Nurse Midwife Salary Guide
A certified nurse midwife (CNM) is an advanced practice registered nurse (APRN). These master’s level practitioners specialize in caring for mothers and their infants during pregnancy, birth and the postpartum period. They also counsel and treat women from adolescence through menopause, addressing areas such as contraception, fertility and menopause. If you’re interested in this rewarding career, explore our nurse midwife salary guide to learn more about the compensation you can expect in this role.
How Do You Become a CNM?
Certified nurse midwives must complete a high level of education, including graduate studies. Candidates must first complete an undergraduate program to become an RN. Most candidates earn a Bachelor of Science in Nursing (BSN) to meet the requirements for further graduate study. However, those who previously earned an associate degree can later complete a bridge program at some institutions.
Take the NCLEX Exam
After completing an undergraduate program, you must pass the National Council Licensure Examination for Registered Nurses (NCLEX) exam and apply for state licensure to become a registered nurse. You may want to spend time working as an RN to familiarize yourself with the clinical setting and gain valuable experience before going back to school.
Complete a Graduate Program
CNM candidates must earn an advanced degree, such as a Master of Science in Nursing, but some candidates may pursue a Doctor of Nursing Practice. Midwifery programs that confer eligibility on the graduate to take the national certification exam administered by the American Midwifery Certification Board (AMCB) must be accredited or pre-accredited by the Accreditation Commission for Midwifery Education (ACME).
In November 2022, only 43 such programs existed nationwide, according to the ACNM. These programs adhere to the core curriculum required for entering midwifery practice and prepare graduates for the CNM exam. Each program has unique admission requirements and offers different pathways and degrees, but it generally takes three years to complete.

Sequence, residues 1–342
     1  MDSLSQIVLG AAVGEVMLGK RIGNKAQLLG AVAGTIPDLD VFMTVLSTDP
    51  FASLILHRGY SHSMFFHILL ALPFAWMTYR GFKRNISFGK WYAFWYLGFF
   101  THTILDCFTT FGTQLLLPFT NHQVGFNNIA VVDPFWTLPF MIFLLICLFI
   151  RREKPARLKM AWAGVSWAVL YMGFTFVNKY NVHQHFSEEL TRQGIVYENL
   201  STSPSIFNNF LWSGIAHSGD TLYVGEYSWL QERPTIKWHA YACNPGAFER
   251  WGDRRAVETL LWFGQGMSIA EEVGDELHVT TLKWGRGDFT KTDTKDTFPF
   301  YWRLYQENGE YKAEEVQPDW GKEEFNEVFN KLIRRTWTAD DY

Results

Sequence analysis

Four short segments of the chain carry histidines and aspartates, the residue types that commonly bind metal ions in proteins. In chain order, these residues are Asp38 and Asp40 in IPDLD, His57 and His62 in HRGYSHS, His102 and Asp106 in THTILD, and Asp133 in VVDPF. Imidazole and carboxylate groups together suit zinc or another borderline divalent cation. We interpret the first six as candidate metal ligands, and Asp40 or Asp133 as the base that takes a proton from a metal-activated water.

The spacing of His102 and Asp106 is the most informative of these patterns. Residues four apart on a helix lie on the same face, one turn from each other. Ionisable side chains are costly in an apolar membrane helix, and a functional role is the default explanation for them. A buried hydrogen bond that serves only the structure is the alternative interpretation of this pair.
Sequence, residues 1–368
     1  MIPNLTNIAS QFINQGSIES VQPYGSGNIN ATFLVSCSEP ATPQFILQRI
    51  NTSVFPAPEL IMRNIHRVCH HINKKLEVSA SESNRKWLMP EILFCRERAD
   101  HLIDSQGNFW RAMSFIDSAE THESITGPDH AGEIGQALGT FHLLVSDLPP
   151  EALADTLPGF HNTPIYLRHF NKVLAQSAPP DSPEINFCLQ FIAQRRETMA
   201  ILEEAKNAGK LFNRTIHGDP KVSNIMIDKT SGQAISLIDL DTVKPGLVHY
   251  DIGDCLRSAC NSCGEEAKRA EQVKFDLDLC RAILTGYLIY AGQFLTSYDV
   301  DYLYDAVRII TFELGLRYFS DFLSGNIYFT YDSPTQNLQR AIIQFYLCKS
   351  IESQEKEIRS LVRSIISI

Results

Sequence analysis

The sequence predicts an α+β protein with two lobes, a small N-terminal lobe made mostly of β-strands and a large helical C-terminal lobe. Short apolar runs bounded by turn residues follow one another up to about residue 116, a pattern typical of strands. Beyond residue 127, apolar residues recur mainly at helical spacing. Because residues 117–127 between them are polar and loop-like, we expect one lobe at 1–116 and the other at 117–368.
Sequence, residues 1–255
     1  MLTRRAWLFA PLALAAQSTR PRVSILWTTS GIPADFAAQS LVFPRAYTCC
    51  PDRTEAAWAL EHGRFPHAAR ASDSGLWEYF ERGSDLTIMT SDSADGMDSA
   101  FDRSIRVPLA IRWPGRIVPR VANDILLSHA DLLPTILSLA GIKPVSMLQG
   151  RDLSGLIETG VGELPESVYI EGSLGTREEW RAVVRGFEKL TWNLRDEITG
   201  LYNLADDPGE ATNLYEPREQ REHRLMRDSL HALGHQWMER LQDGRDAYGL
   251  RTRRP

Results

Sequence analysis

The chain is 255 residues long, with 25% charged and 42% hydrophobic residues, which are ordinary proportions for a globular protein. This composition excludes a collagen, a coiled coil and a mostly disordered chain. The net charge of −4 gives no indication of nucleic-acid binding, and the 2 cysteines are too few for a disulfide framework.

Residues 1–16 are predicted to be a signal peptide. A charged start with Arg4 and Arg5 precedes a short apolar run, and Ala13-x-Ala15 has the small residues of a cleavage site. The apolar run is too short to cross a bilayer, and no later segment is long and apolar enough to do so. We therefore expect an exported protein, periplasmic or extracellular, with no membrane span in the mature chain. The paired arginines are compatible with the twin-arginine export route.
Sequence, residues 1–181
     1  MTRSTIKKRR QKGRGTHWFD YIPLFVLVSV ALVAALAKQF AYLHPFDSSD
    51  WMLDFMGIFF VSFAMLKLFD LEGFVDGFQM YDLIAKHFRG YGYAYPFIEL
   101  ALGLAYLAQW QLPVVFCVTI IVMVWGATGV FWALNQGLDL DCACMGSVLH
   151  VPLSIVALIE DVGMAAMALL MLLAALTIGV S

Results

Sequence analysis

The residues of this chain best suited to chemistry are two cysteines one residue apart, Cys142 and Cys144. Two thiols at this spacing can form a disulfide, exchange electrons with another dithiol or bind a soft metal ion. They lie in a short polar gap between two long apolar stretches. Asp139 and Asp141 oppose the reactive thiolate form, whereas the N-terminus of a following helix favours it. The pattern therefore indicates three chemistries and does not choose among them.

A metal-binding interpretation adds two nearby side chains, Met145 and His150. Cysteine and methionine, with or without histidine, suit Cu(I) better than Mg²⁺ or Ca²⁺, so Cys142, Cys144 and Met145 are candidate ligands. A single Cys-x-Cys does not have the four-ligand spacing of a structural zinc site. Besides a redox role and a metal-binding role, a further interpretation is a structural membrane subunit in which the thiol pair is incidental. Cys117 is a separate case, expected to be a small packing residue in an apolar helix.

Receive Your CNM Credential
You must pass the certification exam to practice as a CNM in the United States. The AMCB administers the exam, consisting of 175 multiple-choice questions about the antepartum, intrapartum and postpartum periods of pregnancy, and primary care, gynecology and newborn care. The certification fee is $500, and you must renew it every five years by completing three AMCB modules and at least 20 hours of continuing education credits or by retaking the exam.
If you’re ready to earn a nurse midwife salary, your next step is to investigate your state’s accredited programs and certification requirements. You might also want to explore available CNM jobs in the regions where you plan to practice. While it requires time and dedication to get the education you need to become a certified nurse midwife, most practitioners report satisfaction with their salary and a sense of caring for their community members.
Average Nurse Midwife Salary
The average salary for a Nurse Midwife is $69.86 per hour.
Last updated on March 1, 2024. Based on active jobs on Vivian.com.
Last updated on March 1, 2024. Information based on active jobs on Vivian.com and pay data from BLS and around the web.
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How Can You Earn More as a CNM?
If you’re interested in earning even more in this in-demand nursing field, start with the following salary-boosting ideas:
Look for lucrative incentives: Many hospitals and agencies offer generous sign-on bonuses for in-demand specialties and hard-to-fill geographic areas. Some companies may offer bonuses for key performance indicators such as high patient satisfaction scores. Review the whole package beyond salary when deciding whether a new role is worth your while.
Be selective about shifts: If you don’t mind working evenings, weekends and holidays, you generally make more money for shifts that usually come with incentives because no one wants to work them. Employers might also offer bonus pay for certain hard-to-fill areas within the facility, so keep an eye out for those opportunities.
Seek subspecialty training in areas of interest: You could potentially command a higher salary by focusing on specialized areas like neonatology, lactation and breastfeeding services, genetics and risk assessment, maternal-fetal medicine or one of several other subspecialty areas within the midwifery field.
Can earning a degree improve my salary as a Nurse Midwife?
Where can I learn more about working as a Nurse Midwife?
Take a look at Vivian's Nurse Midwife Career Guide for more information, including required education, responsibilities, pros and cons and more.